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FISCHER: When you can’t find Mother

By Travis Fischer,

That sound you heard last week was the wail of Western video gamers crying out for mother. Or, more specifically, “Mother 3.”

Let’s start from the beginning.

FISCHER: When you can’t find Mother
Travis Fischer

Once upon a time, in 1995, American owners of the Super Nintendo Entertainment System saw the release of “EarthBound,” a quirky JRPG that didn’t make much of a splash at the time, but eventually became fondly remembered as a cult classic.

“EarthBound” was actually the second entry in an eventual trilogy of games originating in Japan under the name “Mother,” a 1989 game that didn’t make it to the West when it was new.

That’s not an entirely unusual situation. JRPGs are inherently more text-heavy than most video games and the added cost of translation make them extra difficult to see a return on when localizing them in new markets. Especially for a genre that was already somewhat niche in the first place.

“Mother” didn’t get a chance to make it in the West and “Mother 2,” known in the West as EarthBound, wasn’t a huge seller.

So when “Mother 3,” a 2006 Game Boy Advance game came out, you could see why there would be hesitation in investing in translating the game for an English audience.

The problem is that by 2006 the internet had connected the world. More importantly, it connected the people that really liked “EarthBound.” While unappreciated in its time, the decade following the game’s lackluster Western release had seen its popularity grow exponentially.

The fan community really liked “EarthBound” and they knew there was an even more critically acclaimed sequel out there past the Pacific horizon.

And thus, for 10 long years, the cry of “Give us Mother 3” rang out across gaming forums and social media, begging Nintendo to release the game in the West. And for 10 long years their cries went unanswered until one day in 2015 Nintendo made a special announcement.

They would finally, for the first time, be releasing an English localized version of… “Mother,” the 1989 first entry of the trilogy.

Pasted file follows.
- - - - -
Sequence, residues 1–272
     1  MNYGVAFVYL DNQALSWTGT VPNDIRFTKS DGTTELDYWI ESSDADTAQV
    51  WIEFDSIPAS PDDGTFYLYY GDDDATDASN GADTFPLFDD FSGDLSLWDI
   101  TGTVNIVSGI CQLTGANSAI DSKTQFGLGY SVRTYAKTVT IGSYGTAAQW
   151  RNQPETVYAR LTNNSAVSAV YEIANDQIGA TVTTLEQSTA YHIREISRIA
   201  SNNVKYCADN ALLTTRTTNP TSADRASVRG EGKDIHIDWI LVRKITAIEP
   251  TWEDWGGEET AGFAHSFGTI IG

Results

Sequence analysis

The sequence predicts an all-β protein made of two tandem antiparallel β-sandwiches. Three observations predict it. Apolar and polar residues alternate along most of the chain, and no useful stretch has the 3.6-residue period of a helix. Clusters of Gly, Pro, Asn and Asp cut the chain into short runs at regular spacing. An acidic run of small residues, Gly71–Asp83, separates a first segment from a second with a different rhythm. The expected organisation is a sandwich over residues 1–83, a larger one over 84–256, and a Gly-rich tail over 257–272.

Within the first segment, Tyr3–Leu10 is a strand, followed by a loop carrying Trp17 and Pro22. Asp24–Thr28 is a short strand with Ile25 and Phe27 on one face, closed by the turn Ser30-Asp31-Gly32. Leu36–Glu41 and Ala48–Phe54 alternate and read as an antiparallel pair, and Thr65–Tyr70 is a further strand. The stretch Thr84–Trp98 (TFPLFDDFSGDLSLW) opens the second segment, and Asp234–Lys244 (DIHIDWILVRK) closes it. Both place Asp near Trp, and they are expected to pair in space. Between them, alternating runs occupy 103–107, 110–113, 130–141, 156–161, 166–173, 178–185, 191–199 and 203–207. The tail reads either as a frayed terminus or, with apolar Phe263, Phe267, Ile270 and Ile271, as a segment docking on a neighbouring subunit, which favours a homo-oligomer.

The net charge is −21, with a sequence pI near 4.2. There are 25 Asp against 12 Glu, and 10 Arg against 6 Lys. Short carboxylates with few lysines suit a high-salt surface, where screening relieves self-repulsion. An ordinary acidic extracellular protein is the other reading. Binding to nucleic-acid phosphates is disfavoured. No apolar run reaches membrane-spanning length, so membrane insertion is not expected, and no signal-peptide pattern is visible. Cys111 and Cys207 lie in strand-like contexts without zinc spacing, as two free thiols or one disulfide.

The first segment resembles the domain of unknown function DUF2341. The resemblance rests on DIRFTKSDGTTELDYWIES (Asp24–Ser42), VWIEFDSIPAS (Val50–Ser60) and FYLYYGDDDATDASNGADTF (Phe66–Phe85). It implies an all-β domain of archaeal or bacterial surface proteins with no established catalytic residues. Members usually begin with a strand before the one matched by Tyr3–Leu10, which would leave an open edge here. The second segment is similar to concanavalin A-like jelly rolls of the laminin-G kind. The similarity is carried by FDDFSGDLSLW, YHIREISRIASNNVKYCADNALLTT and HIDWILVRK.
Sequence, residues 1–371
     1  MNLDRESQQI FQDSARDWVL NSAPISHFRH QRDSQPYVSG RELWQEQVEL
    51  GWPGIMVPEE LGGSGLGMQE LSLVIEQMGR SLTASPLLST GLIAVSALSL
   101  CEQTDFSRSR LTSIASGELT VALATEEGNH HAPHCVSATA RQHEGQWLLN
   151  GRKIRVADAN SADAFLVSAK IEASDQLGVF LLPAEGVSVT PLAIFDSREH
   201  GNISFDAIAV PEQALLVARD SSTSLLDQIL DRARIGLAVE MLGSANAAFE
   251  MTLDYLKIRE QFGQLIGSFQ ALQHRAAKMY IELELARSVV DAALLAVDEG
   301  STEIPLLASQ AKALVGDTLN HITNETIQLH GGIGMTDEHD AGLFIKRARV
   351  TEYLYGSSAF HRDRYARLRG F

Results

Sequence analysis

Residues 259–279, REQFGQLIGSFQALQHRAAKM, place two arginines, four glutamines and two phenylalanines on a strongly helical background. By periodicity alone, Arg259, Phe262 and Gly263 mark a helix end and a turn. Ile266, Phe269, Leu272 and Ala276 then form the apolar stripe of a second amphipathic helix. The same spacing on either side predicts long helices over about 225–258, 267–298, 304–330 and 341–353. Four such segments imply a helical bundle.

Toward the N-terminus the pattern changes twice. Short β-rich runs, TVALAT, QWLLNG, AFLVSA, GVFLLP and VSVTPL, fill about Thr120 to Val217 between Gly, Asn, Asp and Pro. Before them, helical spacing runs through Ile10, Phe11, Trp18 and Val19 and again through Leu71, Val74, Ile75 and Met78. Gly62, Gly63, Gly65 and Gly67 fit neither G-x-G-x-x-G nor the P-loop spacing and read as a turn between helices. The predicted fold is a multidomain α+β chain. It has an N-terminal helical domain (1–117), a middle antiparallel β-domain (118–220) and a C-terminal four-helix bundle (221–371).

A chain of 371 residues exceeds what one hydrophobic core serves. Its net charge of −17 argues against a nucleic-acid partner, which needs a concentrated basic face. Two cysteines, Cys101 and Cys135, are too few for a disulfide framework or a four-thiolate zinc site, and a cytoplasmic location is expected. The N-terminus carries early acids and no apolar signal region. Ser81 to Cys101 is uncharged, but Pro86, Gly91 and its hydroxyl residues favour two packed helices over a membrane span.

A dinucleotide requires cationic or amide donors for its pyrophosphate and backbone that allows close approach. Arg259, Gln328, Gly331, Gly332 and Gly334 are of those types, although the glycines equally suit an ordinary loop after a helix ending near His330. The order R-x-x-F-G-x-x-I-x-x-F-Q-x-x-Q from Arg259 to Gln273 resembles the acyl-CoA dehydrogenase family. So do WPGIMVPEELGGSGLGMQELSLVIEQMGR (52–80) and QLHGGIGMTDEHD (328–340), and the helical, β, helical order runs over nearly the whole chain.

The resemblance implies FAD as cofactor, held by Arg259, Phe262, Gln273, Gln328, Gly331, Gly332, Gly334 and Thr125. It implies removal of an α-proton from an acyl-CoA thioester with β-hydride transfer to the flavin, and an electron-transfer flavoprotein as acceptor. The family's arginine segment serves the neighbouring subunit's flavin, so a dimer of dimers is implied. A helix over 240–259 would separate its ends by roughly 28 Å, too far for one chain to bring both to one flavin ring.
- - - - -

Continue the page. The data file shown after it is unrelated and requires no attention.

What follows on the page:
And while such news was appreciated, it hasn’t seemed to bring “Mother 3” any closer to the Western shores. Meanwhile, demand for an official release has only continued to grow, inspiring a full-on documentary about the game and its unusual circumstances last year.

At this point, it almost feels like Nintendo is taking a perverse pleasure in denying the Western market the game. Nintendo knows the demand is there, to the point where it’s been used as an inside-joke between Nintendo of America and the gaming community.

Now, to be fair, a fan-translation of “Mother 3” has been easily accessible since 2008. Anybody who wants to play “Mother 3” can, provided they know which corners of the internet to look for it. I won’t confirm or deny that I’ve had the ROM file on my own hard drive for years.

That said, the widespread release of a fan-translation has only seemed to increase demand for an official release.

Nintendo is fully aware that the fan-translation is out there and series creator Shigesato Itoi confirmed that Nintendo was offered the use of the translation if that’s what it would take to make an official release happen.

Every day it seems that the reason for not doing it become less and less valid, leaving people wondering what exactly Nintendo is waiting for.

Last week, in Nintendo’s latest update to their Nintendo Switch Online service, the company announced that “Mother 3” would be among the next wave of available for its Japanese users.

No such luck for Western customers.

I don’t know what it’s going to take for Nintendo to decide to release “Mother 3” to the world, and at this point I’m kind of scared to find out.

— Travis Fischer is a news writer for the Charles City Press and sometimes wonders if Nintendo really does just hate money.

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